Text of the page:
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Second Graders Learn to Defy the Laws of Physics

Second Graders Learn to Defy the Laws of Physics

Under normal circumstances, five-pound pumpkins released from a second-story balcony onto a cement pavement would leave a big mess. Not so at The Rumson Country Day School, which held its annual Pumpkin Drop on October 23. The vast majority of pumpkins survived the 25-foot fall, thanks to the ingenuity of RCDS second graders and the contraptions they designed, built and tested, to defy the laws of gravity.

Second grader Ella Purcell considered a few strategies to protect her pumpkin. “At home, I put a pumpkin in a plastic bag and tested it,” she said. “That did not work.” Ella pivoted to plan B. “The next time, I put the pumpkin in a tiny box. Then I put the little box inside a big box with stuffing all around it. I was scared it was going to move all over the place so I added more stuffing so it wouldn’t bounce on anything.” Success. Ella’s pumpkin survived the drop unscathed.

Throughout the hands-on STEAM project, RCDS second grade teachers, Bailey Palmieri and Nikki Wehrhahn, encourage their students to test their ideas and if they fail, try again.

“It’s a really thought-out process that the students go through,” says Mrs. Wehrhahn. “One that involves a lot of reflection and self-thought in terms of what worked, what didn’t work and how can we make it better?”

“Students have to think about the elements of gravity and the forces that are involved and connect that to some of the science topics they’ve been learning,” said Mrs. Palmieri.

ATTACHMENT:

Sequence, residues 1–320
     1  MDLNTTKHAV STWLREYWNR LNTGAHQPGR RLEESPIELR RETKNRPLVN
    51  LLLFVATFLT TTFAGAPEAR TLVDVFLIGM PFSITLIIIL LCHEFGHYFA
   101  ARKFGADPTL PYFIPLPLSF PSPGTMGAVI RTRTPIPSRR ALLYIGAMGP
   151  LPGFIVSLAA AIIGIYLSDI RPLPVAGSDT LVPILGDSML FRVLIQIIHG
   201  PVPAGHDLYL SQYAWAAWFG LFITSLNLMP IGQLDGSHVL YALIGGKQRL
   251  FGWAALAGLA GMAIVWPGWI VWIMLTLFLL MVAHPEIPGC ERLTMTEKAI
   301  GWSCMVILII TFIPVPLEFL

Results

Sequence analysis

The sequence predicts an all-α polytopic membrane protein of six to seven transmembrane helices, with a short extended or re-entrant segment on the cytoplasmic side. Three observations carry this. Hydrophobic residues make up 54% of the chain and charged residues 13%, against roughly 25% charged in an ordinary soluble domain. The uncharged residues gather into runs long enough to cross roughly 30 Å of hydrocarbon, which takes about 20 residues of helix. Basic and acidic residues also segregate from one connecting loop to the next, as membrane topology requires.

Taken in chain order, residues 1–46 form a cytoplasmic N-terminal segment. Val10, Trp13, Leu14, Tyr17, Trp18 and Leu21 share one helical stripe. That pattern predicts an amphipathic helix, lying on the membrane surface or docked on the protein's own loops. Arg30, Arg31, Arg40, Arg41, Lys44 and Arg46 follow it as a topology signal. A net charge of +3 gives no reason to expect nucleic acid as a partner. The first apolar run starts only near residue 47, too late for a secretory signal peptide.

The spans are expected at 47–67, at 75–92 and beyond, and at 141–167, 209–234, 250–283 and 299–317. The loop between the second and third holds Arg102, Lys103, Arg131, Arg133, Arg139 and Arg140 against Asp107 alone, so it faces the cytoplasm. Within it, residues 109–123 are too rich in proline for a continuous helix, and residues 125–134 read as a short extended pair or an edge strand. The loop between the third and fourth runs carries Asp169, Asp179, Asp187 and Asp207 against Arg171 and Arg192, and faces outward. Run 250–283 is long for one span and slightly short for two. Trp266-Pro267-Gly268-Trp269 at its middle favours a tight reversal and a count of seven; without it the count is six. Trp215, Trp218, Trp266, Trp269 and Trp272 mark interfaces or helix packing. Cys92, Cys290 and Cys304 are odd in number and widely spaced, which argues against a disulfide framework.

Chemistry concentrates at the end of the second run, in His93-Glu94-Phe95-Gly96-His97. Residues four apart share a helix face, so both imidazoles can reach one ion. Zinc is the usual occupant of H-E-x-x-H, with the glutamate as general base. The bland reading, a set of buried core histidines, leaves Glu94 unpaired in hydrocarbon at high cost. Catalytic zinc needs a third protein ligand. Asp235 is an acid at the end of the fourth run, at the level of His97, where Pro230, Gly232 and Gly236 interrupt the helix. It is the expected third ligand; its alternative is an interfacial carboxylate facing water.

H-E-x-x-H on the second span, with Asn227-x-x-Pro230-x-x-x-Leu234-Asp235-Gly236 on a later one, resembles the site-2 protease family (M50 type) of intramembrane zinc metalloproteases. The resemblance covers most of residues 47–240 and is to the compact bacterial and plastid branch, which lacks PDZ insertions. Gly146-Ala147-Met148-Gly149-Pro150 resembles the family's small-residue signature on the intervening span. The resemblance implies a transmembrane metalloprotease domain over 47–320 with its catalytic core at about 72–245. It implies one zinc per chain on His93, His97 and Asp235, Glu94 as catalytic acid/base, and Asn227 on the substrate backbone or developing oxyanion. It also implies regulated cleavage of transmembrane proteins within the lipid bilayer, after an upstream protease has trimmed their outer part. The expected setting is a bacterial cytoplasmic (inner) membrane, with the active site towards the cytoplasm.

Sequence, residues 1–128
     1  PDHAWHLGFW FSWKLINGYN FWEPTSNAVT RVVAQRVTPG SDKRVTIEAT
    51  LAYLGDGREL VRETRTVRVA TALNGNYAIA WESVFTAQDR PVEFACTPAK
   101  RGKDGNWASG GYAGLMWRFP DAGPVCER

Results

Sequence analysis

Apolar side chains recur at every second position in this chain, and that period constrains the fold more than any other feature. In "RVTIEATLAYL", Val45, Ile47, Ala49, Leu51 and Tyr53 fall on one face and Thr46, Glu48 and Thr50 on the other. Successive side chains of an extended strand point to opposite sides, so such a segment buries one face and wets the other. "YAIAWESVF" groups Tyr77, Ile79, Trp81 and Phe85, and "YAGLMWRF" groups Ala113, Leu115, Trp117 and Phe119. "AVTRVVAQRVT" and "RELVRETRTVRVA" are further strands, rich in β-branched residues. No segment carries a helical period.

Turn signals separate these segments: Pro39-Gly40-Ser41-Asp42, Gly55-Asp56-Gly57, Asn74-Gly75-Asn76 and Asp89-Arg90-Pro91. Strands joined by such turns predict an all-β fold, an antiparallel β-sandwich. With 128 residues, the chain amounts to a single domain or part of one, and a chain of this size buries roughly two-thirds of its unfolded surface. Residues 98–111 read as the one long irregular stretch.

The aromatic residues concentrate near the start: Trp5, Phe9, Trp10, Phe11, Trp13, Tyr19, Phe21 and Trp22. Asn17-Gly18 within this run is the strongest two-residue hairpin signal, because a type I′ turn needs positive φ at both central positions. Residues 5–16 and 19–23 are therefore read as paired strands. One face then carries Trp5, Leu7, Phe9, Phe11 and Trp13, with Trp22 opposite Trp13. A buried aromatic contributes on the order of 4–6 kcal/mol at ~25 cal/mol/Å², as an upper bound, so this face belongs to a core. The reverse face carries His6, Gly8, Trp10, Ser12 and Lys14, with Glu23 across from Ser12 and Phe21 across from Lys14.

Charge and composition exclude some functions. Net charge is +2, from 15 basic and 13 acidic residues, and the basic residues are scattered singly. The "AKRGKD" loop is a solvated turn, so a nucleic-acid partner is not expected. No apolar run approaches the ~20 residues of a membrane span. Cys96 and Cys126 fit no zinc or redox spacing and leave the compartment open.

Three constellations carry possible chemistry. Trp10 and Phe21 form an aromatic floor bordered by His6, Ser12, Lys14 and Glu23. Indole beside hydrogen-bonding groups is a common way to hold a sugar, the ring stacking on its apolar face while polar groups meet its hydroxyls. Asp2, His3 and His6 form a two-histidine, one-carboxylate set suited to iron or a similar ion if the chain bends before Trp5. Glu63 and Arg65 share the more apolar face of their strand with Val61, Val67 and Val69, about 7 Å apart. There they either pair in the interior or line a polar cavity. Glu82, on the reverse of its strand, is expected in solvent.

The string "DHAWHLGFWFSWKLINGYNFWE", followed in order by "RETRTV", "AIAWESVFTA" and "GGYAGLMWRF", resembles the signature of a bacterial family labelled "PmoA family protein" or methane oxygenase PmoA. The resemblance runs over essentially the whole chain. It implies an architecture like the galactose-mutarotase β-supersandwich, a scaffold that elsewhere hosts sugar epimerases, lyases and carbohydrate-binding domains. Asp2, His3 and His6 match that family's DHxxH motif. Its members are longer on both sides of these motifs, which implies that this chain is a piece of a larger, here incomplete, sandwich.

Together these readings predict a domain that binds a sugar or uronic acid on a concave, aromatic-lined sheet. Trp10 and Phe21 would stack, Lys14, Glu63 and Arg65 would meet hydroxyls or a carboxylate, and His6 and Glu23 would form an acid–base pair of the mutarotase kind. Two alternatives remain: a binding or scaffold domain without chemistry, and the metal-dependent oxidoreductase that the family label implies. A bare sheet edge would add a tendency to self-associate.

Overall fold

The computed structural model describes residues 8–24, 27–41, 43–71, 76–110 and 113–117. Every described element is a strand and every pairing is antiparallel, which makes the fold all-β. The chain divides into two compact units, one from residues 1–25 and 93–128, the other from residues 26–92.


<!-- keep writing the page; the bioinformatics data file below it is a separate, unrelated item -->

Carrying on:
Similar to Ella, second-grader Gunnar Jones used a cardboard box as the foundation of his pumpkin armor. However, he attempted to devise a way to slow the contraption’s fall – a parachute made out of plastic bags.

“The more mass an object has the more gravity it has,” he explained. “I tried to make it not too heavy so I used a parachute so it would feel lighter and go slower and not have a big impact.”

While Gunnar’s strategy was backed by the lessons he learned in science class, he faced challenges. “The pumpkin was still too heavy so after it fell it had a tiny crack. Next time, I would use a bigger bag for the parachute and maybe add thick cushioning.”

As they strive to make sense of a bigger world, second graders can tend to be perfectionists about their projects. Mrs. Palmieri notes that designs often go awry in the construction phase of the Pumpkin Drop. “There’s a lot of resilience that comes out of an instance when the design doesn’t work quite the way you envisioned,” she explains. “It’s a great moment when you see them pivot and persevere through a challenge.”

The project also builds camaraderie among the two second grade classes. “When they drop the pumpkins, everyone is cheering for that one student. They are incredibly supportive of one another,” says Mrs. Wehrhahn. “There’s a lot of community and team building.”

The Pumpkin Drop is one of many STEAM challenges and hands-on projects at RCDS. From Mrs. Wehrhan’s perspective, the approach to learning produces a lot of light bulb moments. “The more hands-on and engaged second graders are, the more excited they are to learn,” she says. “That’s where the real ‘aha’ moments happen for our students.”